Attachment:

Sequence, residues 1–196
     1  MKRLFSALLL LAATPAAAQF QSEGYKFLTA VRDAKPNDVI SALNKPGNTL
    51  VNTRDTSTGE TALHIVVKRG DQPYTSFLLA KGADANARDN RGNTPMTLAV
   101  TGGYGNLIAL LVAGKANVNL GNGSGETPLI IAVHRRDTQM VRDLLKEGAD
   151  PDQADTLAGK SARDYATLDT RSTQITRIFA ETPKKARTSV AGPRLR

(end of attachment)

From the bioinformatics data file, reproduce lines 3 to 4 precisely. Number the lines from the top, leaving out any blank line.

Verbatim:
    51  VNTRDTSTGE TALHIVVKRG DQPYTSFLLA KGADANARDN RGNTPMTLAV
   101  TGGYGNLIAL LVAGKANVNL GNGSGETPLI IAVHRRDTQM VRDLLKEGAD